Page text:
Nature Notes #47

The Butterflies and the Bees

A splash of Summer in this time of dark skies and windy weather.



25.07.13. Green-veined White, Redwall Reedbed, Frodsham Marsh. Bill Morton

Butterflies reproduce the way other animals do — sperm from a male fertilizes eggs from a female. Males and females of the same species recognize one another by the size, colour, shape and vein structure of the wings, all of which are species specific. Butterflies also recognize each other through pheromones, or scents. During mating, males use clasping organs on their abdomens to grasp females.

WSM (images 1-3.

A Garden Full of BeesRed Mason Bee female Osmia bicornis 6158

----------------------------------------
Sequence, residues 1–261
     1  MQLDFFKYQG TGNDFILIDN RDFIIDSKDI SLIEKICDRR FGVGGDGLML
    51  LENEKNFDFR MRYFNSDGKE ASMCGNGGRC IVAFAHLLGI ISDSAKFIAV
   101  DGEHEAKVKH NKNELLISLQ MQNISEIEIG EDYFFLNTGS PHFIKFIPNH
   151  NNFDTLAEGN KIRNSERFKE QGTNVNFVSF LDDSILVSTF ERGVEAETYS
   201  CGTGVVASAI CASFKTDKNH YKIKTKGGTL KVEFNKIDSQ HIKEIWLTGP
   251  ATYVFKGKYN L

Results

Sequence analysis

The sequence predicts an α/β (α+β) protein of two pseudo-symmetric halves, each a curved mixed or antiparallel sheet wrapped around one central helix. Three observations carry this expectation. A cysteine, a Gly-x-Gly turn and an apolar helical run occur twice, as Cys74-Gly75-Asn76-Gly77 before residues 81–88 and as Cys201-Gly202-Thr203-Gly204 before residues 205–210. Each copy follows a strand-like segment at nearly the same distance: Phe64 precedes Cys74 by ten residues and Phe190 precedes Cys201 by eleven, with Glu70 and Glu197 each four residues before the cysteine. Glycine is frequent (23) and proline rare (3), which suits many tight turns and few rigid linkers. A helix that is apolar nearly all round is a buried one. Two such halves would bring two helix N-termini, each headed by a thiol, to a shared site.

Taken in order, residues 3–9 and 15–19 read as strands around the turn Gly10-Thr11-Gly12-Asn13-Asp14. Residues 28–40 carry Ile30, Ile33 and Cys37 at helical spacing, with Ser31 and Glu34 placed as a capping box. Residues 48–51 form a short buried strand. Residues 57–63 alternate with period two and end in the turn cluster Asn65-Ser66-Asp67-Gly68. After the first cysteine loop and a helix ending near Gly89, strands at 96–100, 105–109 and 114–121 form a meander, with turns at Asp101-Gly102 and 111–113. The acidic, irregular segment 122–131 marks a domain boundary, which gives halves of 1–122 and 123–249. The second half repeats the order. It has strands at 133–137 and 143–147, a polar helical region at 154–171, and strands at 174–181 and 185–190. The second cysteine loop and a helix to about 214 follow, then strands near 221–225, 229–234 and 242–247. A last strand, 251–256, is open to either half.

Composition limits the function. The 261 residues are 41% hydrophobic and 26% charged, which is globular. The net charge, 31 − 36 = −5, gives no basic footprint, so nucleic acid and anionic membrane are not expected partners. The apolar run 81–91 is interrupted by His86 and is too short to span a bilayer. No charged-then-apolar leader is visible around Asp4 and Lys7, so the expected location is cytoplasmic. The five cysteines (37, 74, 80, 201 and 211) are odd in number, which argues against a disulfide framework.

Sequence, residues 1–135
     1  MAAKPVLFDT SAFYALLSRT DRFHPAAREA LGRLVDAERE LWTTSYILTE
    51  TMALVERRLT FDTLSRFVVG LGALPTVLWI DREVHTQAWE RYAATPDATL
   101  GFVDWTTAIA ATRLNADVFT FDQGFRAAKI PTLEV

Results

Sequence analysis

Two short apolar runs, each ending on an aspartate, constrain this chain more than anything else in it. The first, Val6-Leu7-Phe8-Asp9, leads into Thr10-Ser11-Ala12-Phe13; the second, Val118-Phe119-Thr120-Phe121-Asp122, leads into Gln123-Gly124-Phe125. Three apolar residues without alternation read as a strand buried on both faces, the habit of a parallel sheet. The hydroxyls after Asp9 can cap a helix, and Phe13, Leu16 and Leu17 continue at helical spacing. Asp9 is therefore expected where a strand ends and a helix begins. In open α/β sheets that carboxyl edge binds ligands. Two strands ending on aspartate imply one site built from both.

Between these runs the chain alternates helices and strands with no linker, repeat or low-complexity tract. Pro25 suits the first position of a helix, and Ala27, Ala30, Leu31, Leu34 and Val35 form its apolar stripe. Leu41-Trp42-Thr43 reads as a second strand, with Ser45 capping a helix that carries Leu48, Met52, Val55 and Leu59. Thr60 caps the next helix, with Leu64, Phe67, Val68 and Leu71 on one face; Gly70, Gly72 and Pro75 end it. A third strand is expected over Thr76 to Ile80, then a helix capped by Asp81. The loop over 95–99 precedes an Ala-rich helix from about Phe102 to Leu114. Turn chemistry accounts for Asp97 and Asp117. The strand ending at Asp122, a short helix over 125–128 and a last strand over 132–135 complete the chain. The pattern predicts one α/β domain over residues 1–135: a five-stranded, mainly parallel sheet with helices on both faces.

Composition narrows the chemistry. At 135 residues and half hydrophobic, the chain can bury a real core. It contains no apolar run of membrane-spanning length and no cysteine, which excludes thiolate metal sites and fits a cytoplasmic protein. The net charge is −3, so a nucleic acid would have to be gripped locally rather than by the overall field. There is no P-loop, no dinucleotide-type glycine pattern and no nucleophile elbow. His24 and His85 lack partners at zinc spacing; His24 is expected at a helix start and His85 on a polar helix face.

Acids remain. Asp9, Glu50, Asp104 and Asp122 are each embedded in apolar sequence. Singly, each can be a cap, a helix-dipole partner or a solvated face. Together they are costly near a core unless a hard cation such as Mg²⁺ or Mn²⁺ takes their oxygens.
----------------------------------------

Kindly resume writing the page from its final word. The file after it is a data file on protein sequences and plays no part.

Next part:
A well stocked garden will be visited by most of the common bumblebees which most birders may be familiar with and able to identify. However, as my perennial collection began to grow, especially in the umbellifer category, so did the number of bees that weren’t bumbles. I had noticed Red Mason Bees collecting mud from my lawn edges where the hose pipe had wet the soil. I constructed a bee hotel out of an old ship’s oak timber, and they took up residence immediately. I began to look at other bees and found that the garden was alive with them, in their hundreds through the day. I am a real amateur when it comes to identification, but the new Field Guide to the Bees of Great Britain and Ireland has helped me to identify five of the commonest visitors. They are fascinating to watch, all are non-aggressive and will sit on your hand quite happily if you entice them with sugared water.  Some garden centre bred fancy plants aren’t much use because they have extra petals at the expense of pollen producing apparatus, so old fashioned perennials and annuals are best. Once the insects know where their food and nest material is in your garden they will return constantly, often attracting other, rarer insects as well, those that usually parasitize bees…